Neon sign on Vancouver's Balmoral Hotel removed due to safety risk

The neon sign on the Balmoral Hotel in Vancouver's Downtown Eastside was removed by city crews on Sunday, June 26, 2022.

The neon sign that hung outside of Vancouver's Balmoral Hotel was removed Sunday but plans to demolish the building itself are still being sorted out, according to the City of Vancouver.

Announcing the plan Friday, a spokesperson for the city said the sign's condition has deteriorated to the point where it poses a "risk of injury to the public."

People were warned to expect minor traffic delays and sidewalk closures along East Hastings Street between Main and Columbia while crews were working. 

The building has been empty since 2017, when it was condemned as unsafe for the 150 people who lived there following years of enforcement and legal action by the city due to its derelict conditions and persistent health and safety hazards. It was owned by the Sahota family, landlords infamous for the dangerous state of neglect in their buildings, particularly those housing the most vulnerable tenants.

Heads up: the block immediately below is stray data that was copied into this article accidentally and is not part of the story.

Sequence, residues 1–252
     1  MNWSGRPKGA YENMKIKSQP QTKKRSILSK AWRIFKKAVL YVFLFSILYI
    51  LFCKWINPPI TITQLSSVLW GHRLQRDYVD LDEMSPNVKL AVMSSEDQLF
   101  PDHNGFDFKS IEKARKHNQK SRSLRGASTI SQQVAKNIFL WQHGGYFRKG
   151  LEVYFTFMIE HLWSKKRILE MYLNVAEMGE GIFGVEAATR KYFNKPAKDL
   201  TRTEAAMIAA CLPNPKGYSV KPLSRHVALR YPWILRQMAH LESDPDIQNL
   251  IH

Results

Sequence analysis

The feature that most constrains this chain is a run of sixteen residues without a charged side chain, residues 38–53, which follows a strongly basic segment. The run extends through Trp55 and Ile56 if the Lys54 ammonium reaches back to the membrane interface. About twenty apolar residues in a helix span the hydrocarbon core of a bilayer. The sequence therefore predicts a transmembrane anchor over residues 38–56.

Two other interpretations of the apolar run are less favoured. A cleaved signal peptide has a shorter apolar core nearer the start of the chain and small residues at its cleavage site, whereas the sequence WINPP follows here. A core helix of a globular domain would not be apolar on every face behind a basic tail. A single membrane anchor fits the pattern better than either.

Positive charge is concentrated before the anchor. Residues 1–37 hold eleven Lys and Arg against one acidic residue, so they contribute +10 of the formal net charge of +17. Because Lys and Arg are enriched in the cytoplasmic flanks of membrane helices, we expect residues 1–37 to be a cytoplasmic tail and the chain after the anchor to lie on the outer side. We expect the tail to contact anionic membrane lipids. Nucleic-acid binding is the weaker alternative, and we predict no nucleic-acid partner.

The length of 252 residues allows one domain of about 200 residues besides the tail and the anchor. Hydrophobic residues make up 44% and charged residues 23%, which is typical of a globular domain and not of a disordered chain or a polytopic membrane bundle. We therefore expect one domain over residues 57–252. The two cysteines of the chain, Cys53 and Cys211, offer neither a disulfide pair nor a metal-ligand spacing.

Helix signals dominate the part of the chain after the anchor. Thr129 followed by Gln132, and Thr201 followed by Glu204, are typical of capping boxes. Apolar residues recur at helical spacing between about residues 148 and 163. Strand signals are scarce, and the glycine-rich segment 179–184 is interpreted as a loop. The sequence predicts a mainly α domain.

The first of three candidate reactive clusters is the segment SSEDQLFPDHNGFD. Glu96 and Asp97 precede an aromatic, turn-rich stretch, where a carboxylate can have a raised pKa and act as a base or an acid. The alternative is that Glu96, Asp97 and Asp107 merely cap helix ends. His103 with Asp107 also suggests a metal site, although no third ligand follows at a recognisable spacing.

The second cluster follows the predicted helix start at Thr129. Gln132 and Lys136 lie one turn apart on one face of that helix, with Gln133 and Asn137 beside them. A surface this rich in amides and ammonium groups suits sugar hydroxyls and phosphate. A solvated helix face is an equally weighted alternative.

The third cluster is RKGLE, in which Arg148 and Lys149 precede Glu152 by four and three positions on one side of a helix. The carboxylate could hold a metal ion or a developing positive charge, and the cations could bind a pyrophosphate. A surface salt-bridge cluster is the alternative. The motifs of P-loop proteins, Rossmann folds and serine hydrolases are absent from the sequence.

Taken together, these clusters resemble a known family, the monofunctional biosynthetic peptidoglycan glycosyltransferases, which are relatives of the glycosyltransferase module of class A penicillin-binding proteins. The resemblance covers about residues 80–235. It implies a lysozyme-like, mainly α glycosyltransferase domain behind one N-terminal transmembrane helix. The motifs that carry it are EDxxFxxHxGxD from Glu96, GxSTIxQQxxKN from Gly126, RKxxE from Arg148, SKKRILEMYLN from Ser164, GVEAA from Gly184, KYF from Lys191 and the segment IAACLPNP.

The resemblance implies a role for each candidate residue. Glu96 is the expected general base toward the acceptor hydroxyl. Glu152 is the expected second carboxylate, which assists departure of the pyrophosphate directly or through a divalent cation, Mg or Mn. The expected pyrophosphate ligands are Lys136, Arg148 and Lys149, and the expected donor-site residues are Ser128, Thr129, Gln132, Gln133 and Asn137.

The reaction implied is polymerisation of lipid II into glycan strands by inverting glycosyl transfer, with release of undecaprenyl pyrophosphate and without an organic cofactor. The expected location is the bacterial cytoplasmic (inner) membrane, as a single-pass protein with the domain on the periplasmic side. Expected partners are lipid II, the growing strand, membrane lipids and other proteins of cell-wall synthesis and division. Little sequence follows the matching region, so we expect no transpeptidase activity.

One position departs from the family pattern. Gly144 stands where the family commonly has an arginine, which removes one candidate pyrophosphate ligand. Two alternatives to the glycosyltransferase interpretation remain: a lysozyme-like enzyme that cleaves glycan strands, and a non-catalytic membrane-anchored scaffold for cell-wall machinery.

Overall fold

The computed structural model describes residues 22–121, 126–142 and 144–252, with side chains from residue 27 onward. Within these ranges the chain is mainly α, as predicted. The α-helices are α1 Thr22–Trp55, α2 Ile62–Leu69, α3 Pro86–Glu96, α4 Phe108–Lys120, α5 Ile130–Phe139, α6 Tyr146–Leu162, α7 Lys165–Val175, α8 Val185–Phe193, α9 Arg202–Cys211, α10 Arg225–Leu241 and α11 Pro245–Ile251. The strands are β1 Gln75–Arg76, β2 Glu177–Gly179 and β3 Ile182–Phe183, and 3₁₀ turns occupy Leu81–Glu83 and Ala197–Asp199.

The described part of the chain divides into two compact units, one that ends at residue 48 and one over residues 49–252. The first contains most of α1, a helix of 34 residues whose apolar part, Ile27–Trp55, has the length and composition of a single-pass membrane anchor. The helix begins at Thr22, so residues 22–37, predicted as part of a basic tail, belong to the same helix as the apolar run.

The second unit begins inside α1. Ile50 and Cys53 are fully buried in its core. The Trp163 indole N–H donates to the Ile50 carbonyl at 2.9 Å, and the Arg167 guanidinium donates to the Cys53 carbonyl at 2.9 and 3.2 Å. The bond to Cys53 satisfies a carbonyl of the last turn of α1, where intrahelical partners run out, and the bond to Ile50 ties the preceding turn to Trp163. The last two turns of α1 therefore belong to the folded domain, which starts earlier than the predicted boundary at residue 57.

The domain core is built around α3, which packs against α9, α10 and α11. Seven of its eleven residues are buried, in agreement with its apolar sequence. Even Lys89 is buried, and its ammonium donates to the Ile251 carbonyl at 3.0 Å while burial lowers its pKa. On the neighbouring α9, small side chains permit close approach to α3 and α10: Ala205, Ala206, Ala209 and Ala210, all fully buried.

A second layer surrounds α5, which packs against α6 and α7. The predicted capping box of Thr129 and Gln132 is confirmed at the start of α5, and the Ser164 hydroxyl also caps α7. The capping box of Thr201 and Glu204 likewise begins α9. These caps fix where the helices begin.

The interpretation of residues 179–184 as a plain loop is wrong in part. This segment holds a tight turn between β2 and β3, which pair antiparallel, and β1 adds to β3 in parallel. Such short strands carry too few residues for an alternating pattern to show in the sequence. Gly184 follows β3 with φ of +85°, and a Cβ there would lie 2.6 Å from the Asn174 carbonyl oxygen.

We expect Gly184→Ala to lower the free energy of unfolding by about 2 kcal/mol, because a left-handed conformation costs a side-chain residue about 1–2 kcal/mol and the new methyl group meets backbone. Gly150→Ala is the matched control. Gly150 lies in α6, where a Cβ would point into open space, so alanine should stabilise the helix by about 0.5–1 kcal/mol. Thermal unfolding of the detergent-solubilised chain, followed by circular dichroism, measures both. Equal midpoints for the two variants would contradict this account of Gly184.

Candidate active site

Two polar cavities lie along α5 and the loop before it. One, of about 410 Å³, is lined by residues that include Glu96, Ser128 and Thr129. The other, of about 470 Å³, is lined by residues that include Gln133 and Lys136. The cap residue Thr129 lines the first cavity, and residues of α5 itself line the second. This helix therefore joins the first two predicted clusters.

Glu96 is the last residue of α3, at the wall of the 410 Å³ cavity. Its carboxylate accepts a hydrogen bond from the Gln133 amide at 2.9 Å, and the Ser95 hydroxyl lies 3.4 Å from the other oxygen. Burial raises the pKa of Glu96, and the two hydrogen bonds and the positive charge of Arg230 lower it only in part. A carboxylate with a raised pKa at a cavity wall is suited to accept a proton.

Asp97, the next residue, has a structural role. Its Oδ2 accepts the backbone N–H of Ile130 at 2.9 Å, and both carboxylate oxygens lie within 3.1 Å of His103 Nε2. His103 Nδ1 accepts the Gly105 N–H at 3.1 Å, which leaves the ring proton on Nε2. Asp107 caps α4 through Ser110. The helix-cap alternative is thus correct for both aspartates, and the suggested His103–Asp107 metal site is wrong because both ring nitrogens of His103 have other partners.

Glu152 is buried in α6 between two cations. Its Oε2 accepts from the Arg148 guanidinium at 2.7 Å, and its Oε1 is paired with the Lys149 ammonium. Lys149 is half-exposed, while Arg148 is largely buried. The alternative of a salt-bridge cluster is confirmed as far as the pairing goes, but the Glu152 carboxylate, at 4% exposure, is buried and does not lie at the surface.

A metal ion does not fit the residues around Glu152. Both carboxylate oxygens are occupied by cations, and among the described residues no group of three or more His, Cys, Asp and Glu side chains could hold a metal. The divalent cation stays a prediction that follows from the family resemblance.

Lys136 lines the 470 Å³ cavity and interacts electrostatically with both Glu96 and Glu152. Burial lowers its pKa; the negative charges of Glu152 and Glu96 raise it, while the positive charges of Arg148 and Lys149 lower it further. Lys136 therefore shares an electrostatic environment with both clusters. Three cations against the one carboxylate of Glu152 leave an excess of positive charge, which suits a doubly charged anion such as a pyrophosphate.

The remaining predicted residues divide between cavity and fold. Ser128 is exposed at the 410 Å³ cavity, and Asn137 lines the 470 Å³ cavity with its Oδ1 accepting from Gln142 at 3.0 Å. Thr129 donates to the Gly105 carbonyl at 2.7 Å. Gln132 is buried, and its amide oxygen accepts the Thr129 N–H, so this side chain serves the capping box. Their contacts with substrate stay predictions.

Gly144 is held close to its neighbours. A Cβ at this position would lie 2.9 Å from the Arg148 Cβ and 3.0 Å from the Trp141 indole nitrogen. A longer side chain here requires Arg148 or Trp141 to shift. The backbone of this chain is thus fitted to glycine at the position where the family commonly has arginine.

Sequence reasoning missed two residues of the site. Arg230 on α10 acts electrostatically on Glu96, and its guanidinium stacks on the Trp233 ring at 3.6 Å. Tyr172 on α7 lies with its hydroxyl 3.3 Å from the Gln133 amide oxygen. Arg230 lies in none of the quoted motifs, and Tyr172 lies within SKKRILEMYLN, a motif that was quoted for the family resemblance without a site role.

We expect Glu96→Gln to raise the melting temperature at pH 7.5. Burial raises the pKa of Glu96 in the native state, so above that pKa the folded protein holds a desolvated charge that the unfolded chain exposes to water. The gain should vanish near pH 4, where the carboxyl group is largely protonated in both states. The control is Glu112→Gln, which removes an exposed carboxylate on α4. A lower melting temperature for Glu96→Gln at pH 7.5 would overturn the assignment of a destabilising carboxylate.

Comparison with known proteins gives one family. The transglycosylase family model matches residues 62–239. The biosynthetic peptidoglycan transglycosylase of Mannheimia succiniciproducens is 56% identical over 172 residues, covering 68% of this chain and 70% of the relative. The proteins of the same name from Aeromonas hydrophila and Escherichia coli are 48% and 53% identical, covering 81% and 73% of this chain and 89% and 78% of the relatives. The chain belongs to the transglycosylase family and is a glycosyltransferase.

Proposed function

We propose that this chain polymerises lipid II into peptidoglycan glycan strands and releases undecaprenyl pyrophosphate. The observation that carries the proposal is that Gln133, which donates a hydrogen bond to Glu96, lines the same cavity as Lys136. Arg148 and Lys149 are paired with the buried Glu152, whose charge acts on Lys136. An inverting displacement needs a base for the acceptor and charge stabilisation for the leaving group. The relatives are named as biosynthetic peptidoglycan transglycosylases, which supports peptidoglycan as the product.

In 2020, it was expropriated by the city and its demolition was announced earlier this year.

"The decades of underinvestment and mismanagement by the building’s previous owners was irreversible," a statement from the city in February said.

"It became clear that the building has deteriorated to the point that it poses a danger to the public and adjacent buildings."

However, the announcement that the sign is being removed does not contain any further details on the demolition process.

"Staff are continuing to monitor the building’s condition as they plan for the demolition, including hazardous materials abatement and civil site work. Given the age, complexity, and condition of the building, removing the building will take several months to complete," the statement says.

In addition to the technical complexity of tearing down the building, the city spokesperson says the building there is an emotional and historical complexity that has to be considered.

"The city also recognizes that the Balmoral, prior to its closure, was a site of harm and trauma to many and that the demolition of this building will have emotional impact for former residents and their families, friends and community," the statement continues.

Therefore, it says, plans will also include outreach and planning to ensure "respectful, healing and culturally appropriate support and ceremony for community through the actual building demolition and redevelopment process."

The city has promised the site will be redeveloped with affordable housing.